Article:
Wednesday, May 21, 2014

Number 1580: Powell surprinted

Artist Bob Powell took some chances with the crummy reproduction of most comic books by including things like the surprints in both these stories from Weird Thrillers #3 (1952). A surprint is created by inking a drawing on a separate sheet of clear acetate, then using it as an overlay on the primary artwork, where it is photographed separately. It was then engraved onto the blue plate, and printed without the usual black lines around it. Sometimes in the printing process if the pressmen weren’t paying attention or didn’t care, the surprint got the bad end of bad printing. But here the surprints show up well.

The other thing I’ll mention is that with some editing (like changing a panel of a man run over by a car), either of these stories would have fit comfortably into a post-Code comic book. They aren’t horror stories as we usually think of them.




Interesting note on the practice of surprinting. I had actually not heard that term in regards to comics before. It's also interesting how many things nowadays, with the advent of computers, are so much easier to accomplish. To do what Powell did would now be considered a color hold, where the black line is converted to color, and is utilized often in modern comics, and is easily accomplished via computer.

It is practically forgotten how many artists in the Golden Age (and Silver) went to such lengths in their work in order to produce something that in the eyes of some(many publishers, indeed!) was a throw-away item, a comic book! Similar overlays (as you likely know) were needed to create the 3D comics effects in the 50's, too.

Lastly, I wanted to comment on Powell's artwork. GCD doesn't show a writer credit for these stories, and I suspect Powell himself wrote them. In any case, both stories show his ability to design and layout each panel and page beautifully to enhance the and progress the story. For example, the last page of the last story...I wouldn't want to edit out that car accident for any reason. Simply wonderful artistic design in sequential art by an often underestimated master of the form.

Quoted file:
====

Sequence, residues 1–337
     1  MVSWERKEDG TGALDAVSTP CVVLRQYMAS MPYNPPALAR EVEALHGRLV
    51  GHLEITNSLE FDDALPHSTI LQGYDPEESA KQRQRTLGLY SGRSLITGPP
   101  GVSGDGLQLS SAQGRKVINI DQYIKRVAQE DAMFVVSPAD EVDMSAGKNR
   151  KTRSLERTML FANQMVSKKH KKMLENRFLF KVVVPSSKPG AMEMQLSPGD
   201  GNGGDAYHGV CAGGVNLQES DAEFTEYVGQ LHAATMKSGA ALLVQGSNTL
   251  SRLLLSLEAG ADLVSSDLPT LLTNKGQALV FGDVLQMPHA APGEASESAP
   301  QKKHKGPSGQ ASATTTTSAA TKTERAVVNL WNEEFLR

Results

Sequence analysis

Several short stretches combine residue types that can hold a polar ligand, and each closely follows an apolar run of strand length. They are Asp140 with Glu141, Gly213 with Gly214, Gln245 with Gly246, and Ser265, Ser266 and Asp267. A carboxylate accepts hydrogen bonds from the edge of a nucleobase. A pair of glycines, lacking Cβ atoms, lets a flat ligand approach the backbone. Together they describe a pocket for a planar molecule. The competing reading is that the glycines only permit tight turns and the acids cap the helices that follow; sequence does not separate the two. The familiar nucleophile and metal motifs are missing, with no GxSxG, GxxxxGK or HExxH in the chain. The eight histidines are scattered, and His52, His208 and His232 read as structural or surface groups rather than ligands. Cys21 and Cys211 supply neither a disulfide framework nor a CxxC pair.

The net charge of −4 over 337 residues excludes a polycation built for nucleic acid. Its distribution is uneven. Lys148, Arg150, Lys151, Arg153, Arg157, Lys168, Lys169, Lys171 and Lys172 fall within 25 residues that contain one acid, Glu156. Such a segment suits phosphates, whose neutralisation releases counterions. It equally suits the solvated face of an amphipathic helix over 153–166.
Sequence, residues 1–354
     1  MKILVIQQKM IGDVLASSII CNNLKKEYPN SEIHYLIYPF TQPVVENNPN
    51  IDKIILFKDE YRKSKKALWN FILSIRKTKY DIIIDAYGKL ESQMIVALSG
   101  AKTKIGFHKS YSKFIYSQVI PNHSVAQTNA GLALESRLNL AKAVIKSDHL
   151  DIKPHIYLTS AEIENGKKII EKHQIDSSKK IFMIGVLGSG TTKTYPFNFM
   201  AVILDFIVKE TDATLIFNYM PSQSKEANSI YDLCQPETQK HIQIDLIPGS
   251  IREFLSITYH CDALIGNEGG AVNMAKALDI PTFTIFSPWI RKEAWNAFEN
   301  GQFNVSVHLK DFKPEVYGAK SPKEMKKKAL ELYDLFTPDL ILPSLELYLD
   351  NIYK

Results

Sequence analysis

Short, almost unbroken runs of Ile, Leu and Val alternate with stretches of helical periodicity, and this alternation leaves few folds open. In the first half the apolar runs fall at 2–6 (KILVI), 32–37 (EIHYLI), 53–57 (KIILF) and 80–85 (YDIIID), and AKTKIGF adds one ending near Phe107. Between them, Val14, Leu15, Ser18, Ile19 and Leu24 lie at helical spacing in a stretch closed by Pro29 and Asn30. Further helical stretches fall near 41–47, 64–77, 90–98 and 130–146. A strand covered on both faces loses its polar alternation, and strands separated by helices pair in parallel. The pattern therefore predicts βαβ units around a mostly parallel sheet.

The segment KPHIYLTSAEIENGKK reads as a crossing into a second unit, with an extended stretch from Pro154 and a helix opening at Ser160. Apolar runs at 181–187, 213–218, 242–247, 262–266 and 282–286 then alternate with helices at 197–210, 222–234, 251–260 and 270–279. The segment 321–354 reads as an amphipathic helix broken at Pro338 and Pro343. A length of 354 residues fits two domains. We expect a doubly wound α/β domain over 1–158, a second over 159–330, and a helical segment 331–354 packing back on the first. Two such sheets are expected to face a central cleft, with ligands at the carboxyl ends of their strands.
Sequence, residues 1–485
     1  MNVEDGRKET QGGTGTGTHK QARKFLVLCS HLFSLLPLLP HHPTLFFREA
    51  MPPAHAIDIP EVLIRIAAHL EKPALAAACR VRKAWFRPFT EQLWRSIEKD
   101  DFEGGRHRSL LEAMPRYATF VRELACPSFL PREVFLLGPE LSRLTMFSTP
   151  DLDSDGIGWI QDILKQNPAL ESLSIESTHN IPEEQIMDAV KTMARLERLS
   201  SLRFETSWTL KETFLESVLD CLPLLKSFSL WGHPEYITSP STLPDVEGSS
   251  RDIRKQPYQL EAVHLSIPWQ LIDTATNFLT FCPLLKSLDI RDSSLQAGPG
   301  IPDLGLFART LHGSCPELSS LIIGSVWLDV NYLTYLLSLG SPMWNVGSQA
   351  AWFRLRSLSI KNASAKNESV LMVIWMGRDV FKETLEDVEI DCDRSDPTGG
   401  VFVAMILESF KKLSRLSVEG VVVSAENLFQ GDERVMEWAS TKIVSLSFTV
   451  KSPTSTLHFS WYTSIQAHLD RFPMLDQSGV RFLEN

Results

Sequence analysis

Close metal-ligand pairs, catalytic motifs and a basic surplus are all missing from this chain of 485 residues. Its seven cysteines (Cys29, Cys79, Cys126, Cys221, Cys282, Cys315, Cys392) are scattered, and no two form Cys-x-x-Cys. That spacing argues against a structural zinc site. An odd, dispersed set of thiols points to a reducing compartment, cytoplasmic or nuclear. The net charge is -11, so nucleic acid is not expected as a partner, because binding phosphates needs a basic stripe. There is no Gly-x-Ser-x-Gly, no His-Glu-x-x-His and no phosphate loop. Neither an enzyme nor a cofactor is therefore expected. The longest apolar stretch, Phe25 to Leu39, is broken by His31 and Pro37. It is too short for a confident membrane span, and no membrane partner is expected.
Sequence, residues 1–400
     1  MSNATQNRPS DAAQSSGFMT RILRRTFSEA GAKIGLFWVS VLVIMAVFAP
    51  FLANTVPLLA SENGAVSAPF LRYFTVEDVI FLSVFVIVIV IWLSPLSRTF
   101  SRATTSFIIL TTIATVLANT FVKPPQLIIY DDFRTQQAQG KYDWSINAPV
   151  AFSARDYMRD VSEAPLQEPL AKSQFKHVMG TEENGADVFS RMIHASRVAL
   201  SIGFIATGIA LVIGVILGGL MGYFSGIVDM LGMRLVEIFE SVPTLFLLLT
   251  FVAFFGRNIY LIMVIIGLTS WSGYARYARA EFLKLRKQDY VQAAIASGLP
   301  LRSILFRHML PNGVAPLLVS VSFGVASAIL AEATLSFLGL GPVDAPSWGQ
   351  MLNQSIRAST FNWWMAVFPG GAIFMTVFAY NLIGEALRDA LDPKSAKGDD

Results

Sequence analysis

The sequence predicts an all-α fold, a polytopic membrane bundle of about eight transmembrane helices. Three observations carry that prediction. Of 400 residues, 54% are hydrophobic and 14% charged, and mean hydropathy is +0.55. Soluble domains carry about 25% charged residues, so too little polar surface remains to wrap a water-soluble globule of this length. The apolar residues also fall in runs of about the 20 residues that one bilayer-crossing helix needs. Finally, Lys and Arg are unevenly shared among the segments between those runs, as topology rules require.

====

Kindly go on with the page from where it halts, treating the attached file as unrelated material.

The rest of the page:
Thanks for posting!

Brian Barnes said...

Fun little twilight zone ditties, nothing special story wise, but the art. Wow. Powell was just a master of facial expression.

The second story didn't give Powell a lot to work with, it's a lot of static heads looking at a TV, but he went the extra mile with the overlays, something very few artists would have done.

But the first story, you can actually see the gradual transformation in our Scrooge stand-ins face. It's an amazing piece of work. There's pride, anger, resentment, caring, understanding. A lot of artist can do facial expression but roughly, and usually there's a few categories. This just runs the gamut.

Pappy said...

Brian, what you describe about Powell's facial expressions is probably why he was so successful in drawing all manner of comics, from love to horror, without changing his style.

Of course, his assistants had a lot to do with it, too. He worked with some very talented people, but I believe the faces are all Powell.

Pappy said...

Apocolyte, my knowledge of this kind of printing processes goes wayyyyy back to the the late sixties-early seventies when I worked in the printing trade. As you say, computers have easily taken over things that we used to have to accomplish using mechanical means.

My brother is a craftsman who stayed in the business as an artist and designer, and has run the gamut of technologies, having to re-train several times since 1970. I remember being in awe of the work he was producing on his drawing board, all done by hand using the tools of the day. Everything that was laborious about the process has been removed by the ocmputer, but personally I always thought it was kind of fun producing brochures and advertising using a t-square, an X-acto knife and rubber cement. It was definitely a lot more hands-on in those days.